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Posts tagged philosophy
3:54 pm - Tue, Apr 8, 2014
1 note
You spelled “nonviolence” wrong.

You spelled “nonviolence” wrong.

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10:44 am - Wed, Mar 26, 2014
13 notes

Apostles of Violence

“Ukrainian events have demonstrated,” writes Maria Snegovaya in The New Republic, “that control of violence is still at the very essence of the state.” She says Vladimir Putin’s aggression proves that Max Weber’s definition of the state — an entity with a monopoly on the legitimate use of force — is still relevant, even though we in the West “tend to think of the ‘monopoly on violence’ as a metaphor.”

We do? That would be news to the relatives of Kelly Thomas, a homeless California man beaten to death last year by police officers (who were later acquitted). And to the relatives of Amadou Diallo, an unarmed man who was shot to death by New York City police officers (who were also acquitted). It would be news to a lot of black and Hispanic men who have been stopped and frisked in the streets of New York — or bent over the hood of a squad car anywhere in America.

The idea that governmental violence is merely metaphorical would be news to the employees at a gold mine in Chicken, Alaska, who were stunned last year when armed and armored agents from the EPA swooped in to search for violations of the Clean Water Act.

It would be news to Gibson Guitar Corp., subject to an armed federal raid for using the wrong tariff code on imported wood. It would be news to Audrey Hudson, a reporter whose home was raided in October by armed federal agents who seized her files and notes. And it would be news to countless others whose property was seized through eminent domain.

Governmental violence is not a metaphor. It is not even an aberration. It is a daily occurrence. Often it is entirely justified: If a bank robber would rather shoot it out with the cops than surrender peacefully, his death will bring no loss to the world. If Osama bin Laden starts a fight with the U.S., then America should end it.

Still, Putin’s aggression does draw attention to the prevalence of state violence — and the often incoherent attitude toward it on both sides of the American political divide.

During the Bush years, progressives spent a great deal of time lamenting American militarism. They found the promotion of American values through brute force misguided and cruel. The neoconservative project of reshaping the wider world through hard power was, progressives said, arrogant. Abusive. Bullying. As a piece in The Nation explained: “U.S. involvement abroad, even when well-intentioned, is perceived on the receiving end as heavy-handed meddling.”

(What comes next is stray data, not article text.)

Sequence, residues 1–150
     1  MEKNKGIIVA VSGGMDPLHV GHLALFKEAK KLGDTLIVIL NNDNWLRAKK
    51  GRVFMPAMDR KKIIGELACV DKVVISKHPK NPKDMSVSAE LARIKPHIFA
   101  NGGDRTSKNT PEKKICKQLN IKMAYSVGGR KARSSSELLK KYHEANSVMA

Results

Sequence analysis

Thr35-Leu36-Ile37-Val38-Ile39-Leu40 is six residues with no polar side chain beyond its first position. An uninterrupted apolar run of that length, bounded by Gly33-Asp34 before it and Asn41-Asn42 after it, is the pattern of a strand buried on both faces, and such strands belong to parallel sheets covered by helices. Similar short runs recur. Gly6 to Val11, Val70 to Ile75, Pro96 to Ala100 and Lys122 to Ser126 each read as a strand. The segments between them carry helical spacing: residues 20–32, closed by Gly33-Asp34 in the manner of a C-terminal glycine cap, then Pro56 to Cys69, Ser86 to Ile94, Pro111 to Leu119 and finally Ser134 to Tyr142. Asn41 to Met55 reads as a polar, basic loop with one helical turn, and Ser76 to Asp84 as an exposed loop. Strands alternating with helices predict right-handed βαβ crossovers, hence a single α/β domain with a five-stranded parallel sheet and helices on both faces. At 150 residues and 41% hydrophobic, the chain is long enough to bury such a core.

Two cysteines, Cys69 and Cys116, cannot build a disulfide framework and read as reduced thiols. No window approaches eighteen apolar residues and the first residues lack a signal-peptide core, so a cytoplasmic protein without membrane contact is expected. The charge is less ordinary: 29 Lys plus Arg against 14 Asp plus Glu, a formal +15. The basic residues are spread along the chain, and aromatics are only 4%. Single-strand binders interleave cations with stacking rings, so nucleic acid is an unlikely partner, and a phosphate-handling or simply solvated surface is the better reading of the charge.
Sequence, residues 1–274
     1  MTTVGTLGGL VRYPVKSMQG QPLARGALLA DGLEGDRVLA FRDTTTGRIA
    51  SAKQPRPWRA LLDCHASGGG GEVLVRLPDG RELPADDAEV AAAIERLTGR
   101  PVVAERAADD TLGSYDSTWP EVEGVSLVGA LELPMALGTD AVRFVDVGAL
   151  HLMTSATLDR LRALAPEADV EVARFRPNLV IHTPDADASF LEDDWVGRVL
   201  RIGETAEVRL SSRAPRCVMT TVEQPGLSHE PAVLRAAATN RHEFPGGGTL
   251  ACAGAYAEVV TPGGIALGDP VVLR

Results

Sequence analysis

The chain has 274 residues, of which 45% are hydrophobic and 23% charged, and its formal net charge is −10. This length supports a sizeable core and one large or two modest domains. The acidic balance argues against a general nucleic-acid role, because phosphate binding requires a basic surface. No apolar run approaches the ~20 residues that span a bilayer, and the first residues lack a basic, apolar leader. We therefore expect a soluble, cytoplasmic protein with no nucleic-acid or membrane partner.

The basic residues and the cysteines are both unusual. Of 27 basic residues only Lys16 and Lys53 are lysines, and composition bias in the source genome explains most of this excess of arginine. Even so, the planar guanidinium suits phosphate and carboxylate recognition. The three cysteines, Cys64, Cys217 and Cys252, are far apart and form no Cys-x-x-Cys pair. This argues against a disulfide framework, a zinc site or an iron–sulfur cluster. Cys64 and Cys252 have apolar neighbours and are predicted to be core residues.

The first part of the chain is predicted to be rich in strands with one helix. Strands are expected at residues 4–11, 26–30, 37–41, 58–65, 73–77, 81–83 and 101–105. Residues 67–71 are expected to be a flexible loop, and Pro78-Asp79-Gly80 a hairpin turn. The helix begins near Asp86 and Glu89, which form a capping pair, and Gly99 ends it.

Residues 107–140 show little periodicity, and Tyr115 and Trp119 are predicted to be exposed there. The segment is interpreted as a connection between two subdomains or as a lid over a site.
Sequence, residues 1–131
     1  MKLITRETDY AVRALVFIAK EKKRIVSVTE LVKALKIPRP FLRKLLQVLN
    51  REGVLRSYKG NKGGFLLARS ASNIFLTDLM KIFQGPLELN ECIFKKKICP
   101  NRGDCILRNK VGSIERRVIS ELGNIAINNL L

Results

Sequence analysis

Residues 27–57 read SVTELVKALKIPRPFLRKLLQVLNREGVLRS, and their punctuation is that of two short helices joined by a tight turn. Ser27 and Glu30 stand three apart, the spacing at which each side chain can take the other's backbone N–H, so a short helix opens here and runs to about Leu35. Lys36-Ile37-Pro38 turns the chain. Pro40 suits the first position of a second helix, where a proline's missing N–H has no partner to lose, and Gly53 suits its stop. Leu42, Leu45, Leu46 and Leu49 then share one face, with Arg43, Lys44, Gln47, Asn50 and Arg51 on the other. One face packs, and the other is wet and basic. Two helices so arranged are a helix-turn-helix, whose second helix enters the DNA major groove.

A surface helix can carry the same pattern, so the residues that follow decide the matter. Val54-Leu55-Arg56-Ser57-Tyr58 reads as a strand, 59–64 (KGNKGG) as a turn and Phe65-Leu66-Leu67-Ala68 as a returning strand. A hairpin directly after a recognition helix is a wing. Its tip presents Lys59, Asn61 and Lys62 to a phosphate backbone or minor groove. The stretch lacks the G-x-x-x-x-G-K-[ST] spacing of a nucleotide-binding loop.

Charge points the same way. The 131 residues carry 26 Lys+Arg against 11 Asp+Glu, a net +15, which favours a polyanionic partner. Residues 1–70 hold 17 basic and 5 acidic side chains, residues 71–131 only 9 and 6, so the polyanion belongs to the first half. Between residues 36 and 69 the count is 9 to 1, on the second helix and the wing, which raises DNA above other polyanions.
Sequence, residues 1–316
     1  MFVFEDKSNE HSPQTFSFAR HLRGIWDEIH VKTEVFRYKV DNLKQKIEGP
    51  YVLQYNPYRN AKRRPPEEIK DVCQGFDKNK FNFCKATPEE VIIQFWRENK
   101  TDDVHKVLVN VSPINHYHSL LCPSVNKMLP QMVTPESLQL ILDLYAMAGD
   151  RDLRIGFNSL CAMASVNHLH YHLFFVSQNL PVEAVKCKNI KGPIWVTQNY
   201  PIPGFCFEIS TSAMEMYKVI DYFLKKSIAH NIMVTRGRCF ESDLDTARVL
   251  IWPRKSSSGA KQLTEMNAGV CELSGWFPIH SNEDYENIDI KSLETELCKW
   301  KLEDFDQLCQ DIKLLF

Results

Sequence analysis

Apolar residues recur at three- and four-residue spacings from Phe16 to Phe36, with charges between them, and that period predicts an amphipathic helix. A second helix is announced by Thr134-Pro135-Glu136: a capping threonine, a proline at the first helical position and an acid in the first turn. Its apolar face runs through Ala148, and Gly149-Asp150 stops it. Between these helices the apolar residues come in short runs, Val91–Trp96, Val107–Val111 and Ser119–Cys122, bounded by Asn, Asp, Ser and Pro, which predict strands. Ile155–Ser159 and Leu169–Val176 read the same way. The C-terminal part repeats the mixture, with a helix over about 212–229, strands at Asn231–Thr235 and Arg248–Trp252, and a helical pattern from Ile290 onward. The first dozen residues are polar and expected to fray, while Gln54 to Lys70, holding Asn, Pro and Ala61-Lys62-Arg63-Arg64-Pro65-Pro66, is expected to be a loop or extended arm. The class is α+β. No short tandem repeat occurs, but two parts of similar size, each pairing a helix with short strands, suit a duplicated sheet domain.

“For eight years we have paid the price for a foreign policy that lectures without listening,” Barack Obama said in a 2008 speech at the Ronald Reagan building in Washington. In that speech, he said the U.S. needed to try a different approach — engagement. Development assistance. “Now is the time for a new era of international cooperation,” he declared.

Conservatives — at least the interventionists, which is still most of them — scoff at this. They say the world is full of bad actors — actors who prey upon the weak, who have no conscience, and who must be contained by more enlightened nations willing to use force to do it.

But then turn the discussion to domestic affairs. Suddenly progressives are more than happy to use the coercive power of state violence to make the world a better place, as they define it.

Economic inequality? Redistribute wealth. Obesity? Tax the Twinkie and ban the Big Gulp. Health care? Make everyone buy insurance – and dictate what kind. Concepts common to foreign policy — such as sovereignty, autonomy, and self-determination — go right out the window, replaced by heavy-handed meddling. After all: The country is full of bad actors who prey upon the weak, who have no conscience, and who must be contained by more enlightened parties willing to use force to do it.